The community is working on translating this tutorial into Sinhala, but it seems that no one has started the translation process for this article yet. If you can help us, then please click "More info".
If you are fluent in Sinhala, then please help us - just point to any untranslated element (highlighted with a yellow left border - remember that images should have their titles translated as well!) inside the article and click the translation button to get started. Or have a look at the current translation status for the Sinhala language.
If you see a translation that you think looks wrong, then please consult the original article to make sure and then use the vote button to let us know about it.
Please help us by translating the following metadata for the article/chapter, if they are not already translated.
If you are not satisfied with the translation of a specific metadata item, you may vote it down - when it reaches a certain negative threshold, it will be removed. Please only submit an altered translation of a metadata item if you have good reasons to do so!
Establishing a connection
In the previous chapter, we created a database table with some test data. Now we need to establish a connection to the database server so that we can start working with the data. Connecting to a MySQL database with PHP is very easy. It can be done using a single function from the nice array of MySQL related functions in PHP:
mysql_connect("localhost", "username", "password");
If default values have been configured in your configuration file, you can leave out these parameters, but otherwise you will need to specify a host and typically a username and a password for it. Both the username and password has been set by yourself or by your hosting company. If you host MySQL on your own machine, or if you run your PHP code on your hosting company's server, you can usually just specify localhost as the host value. If in doubt, ask your hosting company or check their support pages.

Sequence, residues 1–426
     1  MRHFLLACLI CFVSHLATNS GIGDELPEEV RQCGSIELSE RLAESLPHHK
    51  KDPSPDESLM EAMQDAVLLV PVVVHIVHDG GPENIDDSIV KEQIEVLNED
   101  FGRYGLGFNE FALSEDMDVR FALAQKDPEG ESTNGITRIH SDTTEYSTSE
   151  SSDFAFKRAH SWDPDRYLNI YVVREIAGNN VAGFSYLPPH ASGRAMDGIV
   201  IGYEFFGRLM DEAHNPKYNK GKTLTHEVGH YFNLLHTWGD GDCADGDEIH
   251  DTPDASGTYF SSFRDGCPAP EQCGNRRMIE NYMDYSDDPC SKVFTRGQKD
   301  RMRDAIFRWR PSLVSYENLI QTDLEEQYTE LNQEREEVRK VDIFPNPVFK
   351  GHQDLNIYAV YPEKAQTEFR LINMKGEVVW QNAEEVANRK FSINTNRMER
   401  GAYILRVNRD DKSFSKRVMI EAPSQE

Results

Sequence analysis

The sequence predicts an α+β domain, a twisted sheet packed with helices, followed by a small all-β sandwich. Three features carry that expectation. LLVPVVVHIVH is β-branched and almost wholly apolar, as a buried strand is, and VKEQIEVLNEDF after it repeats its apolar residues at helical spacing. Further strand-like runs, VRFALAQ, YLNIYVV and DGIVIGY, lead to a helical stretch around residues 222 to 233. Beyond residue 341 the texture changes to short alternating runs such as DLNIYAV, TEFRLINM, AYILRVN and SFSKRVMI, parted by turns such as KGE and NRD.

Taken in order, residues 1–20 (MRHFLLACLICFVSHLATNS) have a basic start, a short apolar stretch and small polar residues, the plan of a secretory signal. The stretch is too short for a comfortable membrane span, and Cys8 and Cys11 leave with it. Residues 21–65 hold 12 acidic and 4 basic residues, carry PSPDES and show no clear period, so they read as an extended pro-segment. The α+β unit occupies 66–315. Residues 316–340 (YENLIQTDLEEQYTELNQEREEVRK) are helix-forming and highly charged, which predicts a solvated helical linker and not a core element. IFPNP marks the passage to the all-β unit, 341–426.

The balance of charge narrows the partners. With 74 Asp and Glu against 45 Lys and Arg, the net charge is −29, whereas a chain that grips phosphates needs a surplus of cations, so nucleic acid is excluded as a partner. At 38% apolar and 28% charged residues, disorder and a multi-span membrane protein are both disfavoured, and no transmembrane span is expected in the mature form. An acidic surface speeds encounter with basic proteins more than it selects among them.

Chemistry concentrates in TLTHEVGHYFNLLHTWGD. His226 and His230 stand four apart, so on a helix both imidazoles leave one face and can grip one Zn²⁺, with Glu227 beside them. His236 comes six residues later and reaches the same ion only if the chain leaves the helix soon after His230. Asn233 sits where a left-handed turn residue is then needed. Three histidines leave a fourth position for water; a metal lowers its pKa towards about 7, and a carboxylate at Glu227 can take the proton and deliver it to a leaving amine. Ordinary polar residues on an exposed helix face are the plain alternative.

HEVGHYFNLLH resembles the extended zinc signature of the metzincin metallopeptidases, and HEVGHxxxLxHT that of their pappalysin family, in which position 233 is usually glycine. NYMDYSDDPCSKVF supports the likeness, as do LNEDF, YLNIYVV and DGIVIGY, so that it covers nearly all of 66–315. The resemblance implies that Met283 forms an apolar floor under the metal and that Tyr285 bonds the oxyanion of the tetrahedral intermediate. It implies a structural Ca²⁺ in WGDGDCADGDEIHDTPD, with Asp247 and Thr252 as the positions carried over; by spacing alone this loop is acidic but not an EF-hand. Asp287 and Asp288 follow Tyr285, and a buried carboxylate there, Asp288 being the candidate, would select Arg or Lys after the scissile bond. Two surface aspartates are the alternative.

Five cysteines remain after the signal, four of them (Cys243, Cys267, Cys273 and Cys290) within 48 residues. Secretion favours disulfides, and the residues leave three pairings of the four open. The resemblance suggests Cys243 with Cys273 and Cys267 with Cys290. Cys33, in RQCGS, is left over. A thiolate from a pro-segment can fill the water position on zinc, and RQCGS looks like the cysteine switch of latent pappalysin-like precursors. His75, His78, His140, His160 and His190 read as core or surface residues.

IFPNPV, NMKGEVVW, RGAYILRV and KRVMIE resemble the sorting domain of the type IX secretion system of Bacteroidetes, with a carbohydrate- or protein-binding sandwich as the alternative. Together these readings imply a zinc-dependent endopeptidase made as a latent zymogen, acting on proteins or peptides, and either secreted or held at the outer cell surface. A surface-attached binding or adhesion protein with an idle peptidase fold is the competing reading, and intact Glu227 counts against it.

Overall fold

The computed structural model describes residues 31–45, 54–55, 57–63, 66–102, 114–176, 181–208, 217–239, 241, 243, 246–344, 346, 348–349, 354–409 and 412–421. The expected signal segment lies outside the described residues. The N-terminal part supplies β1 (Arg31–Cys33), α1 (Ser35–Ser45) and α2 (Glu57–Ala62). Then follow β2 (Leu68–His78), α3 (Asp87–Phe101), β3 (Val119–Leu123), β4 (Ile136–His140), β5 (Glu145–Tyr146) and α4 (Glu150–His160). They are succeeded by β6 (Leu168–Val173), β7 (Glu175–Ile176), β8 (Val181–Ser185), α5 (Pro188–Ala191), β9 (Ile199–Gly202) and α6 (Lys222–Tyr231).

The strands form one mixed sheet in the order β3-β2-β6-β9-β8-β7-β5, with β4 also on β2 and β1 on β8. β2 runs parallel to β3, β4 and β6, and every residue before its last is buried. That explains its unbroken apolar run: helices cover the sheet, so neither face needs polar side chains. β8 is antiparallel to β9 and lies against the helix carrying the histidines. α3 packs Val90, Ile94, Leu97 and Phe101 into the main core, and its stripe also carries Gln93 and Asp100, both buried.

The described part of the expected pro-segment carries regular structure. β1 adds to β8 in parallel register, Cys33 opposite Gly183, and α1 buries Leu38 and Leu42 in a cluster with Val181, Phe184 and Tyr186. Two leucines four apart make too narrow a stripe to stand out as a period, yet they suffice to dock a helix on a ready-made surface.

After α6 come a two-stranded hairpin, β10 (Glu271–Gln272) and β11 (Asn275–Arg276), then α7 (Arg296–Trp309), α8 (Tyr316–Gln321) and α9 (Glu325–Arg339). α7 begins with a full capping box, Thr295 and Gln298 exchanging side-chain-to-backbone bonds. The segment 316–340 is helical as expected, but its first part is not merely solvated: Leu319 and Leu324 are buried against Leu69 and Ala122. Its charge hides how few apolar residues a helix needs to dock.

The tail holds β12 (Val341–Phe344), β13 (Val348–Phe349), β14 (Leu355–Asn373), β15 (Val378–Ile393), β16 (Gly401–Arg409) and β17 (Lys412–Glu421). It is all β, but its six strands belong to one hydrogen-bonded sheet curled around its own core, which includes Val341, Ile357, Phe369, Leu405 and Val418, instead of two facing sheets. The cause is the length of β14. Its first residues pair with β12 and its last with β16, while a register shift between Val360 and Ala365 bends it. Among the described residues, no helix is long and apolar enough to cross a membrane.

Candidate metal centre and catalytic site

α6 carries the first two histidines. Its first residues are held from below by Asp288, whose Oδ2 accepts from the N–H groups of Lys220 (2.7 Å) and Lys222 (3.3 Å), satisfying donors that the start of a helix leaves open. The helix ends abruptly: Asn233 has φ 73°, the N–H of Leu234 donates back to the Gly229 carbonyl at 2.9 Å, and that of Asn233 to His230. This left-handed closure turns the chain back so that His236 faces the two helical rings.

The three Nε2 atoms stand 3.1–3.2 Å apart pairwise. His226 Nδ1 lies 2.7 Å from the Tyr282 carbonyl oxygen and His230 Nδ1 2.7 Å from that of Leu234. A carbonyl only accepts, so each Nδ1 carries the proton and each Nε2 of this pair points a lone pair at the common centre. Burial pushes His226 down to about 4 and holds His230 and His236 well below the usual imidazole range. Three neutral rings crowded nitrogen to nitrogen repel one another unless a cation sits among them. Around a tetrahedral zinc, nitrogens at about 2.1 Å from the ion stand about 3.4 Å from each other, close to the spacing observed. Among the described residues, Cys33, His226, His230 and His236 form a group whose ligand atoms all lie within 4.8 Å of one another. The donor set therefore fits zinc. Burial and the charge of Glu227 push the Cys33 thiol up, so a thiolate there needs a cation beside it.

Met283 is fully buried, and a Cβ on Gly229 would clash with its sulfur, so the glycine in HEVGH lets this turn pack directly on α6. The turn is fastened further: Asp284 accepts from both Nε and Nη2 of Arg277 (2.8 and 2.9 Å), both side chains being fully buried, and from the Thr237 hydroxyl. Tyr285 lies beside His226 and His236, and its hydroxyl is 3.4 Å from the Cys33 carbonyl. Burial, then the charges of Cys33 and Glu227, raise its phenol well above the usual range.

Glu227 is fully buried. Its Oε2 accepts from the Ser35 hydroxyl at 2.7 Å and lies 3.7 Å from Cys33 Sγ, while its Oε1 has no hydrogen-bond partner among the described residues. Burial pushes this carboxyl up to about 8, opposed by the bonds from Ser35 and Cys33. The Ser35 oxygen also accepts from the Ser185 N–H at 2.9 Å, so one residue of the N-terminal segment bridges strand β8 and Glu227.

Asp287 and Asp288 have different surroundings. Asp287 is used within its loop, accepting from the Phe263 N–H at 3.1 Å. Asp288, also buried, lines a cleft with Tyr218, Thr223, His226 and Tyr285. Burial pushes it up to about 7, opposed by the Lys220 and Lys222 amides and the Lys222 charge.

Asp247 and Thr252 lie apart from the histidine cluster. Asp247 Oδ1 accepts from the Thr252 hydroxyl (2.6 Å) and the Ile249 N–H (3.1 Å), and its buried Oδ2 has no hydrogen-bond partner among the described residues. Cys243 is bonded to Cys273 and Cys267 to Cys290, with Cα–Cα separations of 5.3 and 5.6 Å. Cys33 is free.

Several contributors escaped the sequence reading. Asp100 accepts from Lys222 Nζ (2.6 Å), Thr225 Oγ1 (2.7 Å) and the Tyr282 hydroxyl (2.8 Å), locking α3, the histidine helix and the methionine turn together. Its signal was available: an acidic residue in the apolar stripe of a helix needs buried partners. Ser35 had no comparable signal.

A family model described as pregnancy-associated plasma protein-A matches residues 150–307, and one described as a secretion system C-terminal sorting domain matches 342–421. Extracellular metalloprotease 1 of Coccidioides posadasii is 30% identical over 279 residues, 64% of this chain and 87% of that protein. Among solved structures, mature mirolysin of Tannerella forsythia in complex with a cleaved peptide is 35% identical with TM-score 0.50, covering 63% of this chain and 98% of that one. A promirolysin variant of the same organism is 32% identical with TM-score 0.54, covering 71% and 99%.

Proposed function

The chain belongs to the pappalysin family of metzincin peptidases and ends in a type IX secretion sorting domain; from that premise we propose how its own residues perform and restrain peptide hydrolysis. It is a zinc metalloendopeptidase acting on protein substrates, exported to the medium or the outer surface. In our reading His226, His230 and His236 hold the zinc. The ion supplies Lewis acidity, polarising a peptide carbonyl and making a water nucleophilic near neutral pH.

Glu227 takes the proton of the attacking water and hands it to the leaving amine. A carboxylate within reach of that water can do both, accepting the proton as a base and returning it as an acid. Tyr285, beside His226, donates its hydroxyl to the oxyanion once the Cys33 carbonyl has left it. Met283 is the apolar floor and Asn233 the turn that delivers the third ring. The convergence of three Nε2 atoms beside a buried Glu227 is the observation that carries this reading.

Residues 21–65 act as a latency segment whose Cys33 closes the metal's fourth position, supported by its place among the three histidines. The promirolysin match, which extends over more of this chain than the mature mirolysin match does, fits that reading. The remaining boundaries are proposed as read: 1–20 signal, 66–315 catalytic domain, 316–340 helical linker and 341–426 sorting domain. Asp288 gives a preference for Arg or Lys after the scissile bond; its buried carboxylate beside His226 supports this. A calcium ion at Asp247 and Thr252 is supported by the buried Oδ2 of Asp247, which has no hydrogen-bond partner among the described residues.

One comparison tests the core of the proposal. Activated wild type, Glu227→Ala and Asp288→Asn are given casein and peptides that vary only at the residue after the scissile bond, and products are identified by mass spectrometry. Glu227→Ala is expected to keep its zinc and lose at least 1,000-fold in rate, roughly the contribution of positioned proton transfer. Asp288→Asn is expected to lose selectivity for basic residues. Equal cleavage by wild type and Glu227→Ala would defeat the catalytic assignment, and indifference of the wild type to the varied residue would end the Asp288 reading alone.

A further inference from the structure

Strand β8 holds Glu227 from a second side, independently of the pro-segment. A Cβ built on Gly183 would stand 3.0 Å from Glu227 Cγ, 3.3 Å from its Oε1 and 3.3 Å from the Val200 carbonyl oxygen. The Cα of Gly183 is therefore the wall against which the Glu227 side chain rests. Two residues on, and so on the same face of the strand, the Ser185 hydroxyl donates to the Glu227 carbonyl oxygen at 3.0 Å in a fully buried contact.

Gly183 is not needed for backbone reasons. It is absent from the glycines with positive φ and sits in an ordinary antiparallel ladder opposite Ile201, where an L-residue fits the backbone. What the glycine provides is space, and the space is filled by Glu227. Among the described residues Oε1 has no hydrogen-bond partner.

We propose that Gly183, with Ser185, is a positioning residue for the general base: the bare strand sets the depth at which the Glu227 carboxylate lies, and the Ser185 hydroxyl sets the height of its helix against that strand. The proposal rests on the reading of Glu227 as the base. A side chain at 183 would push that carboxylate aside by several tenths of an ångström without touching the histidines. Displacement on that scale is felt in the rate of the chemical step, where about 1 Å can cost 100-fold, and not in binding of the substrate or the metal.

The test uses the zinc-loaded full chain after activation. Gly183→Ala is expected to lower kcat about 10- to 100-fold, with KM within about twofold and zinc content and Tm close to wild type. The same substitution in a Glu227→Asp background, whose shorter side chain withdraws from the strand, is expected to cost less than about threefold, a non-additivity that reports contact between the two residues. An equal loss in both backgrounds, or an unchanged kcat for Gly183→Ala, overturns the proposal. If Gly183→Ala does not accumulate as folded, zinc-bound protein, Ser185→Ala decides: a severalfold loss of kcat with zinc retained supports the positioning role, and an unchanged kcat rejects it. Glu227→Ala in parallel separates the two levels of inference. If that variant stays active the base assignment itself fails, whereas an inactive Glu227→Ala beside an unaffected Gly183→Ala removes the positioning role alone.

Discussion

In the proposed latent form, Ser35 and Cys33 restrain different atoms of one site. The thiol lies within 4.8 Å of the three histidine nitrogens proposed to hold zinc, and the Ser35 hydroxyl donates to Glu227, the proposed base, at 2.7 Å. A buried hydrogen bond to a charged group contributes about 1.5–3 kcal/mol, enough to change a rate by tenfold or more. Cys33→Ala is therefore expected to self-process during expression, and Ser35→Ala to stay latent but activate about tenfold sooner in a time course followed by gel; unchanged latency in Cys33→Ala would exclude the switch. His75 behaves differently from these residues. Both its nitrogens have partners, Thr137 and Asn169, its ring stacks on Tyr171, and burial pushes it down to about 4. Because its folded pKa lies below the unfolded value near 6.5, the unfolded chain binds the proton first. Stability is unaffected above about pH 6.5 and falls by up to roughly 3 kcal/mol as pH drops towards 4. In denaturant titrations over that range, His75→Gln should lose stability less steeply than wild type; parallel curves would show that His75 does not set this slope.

The mysql_connect() function returns a resource, a direct link to the database server, which should be used to access the database server each time you use one of the MySQL functions. However, if this resource is not specified, PHP will just use the last opened connection, allowing you to write less code. In most cases you will only need one MySQL connection per page, so this should work just fine for you.
To work with a database, you need to call one more function, the mysql_select_db() function. The name really tells it all - for a specific connection, it selects a database that you will be working with. It's very simple to use:
This should be called after you have established the connection using mysql_connect(). It takes one or two parameters. The first should be the name of the database you wish to use. The second one is optional and allows you to specify which MySQL resource link the function should be performed on. Here is an example where we use these two essential functions together:
mysql_connect("localhost", "username", "password"); mysql_select_db("my_database");
And here is the same example, but where we get the resource link from mysql_connect() and use it. This is the way you should do it mainly if you need to connect to more than one database server on the same page:
$dbConnection = mysql_connect("localhost", "username", "password"); mysql_select_db("my_database", $dbConnection);
With this, we now have a connection to the database server and we have selected the desired database. In the next chapter, we will use this connection, but before we do so, we should talk a bit about closing the connection again. A connection to a database server is costly, so it should obviously be closed once we're done using it. However, PHP can and will do this for us automatically, if we choose not to do it, once the page is fully executed. If we for some reason want to close a MySQL connection before the page is done executing, we can do it by using the mysql_close() function:
This will close the last opened connection. If we want to close a specific connection, just pass its link to the function:
Okay, with a good understanding of how a connection is started, we can now move on to using it. Read on.